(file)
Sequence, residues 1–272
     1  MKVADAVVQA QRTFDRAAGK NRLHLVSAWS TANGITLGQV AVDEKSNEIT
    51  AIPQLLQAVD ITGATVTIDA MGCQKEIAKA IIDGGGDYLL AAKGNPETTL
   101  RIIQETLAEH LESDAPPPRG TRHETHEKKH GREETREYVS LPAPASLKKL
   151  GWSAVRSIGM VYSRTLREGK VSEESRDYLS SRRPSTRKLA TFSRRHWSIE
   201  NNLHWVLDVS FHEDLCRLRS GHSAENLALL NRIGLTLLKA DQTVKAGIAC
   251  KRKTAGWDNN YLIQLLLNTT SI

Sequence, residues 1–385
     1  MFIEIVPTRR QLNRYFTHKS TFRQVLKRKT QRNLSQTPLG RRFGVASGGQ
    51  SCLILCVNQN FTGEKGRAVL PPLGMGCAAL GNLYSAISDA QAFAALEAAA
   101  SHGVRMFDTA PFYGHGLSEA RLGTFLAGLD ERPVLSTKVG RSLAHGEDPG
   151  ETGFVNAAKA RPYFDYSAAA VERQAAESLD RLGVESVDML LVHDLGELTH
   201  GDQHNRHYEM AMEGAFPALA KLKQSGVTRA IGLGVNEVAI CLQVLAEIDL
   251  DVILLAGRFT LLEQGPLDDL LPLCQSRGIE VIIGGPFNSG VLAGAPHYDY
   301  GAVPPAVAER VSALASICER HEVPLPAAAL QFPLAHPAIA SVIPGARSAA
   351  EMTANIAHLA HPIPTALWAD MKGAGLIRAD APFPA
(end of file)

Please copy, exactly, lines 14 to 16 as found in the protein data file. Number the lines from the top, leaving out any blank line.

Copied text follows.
   251  DVILLAGRFT LLEQGPLDDL LPLCQSRGIE VIIGGPFNSG VLAGAPHYDY
   301  GAVPPAVAER VSALASICER HEVPLPAAAL QFPLAHPAIA SVIPGARSAA
   351  EMTANIAHLA HPIPTALWAD MKGAGLIRAD APFPA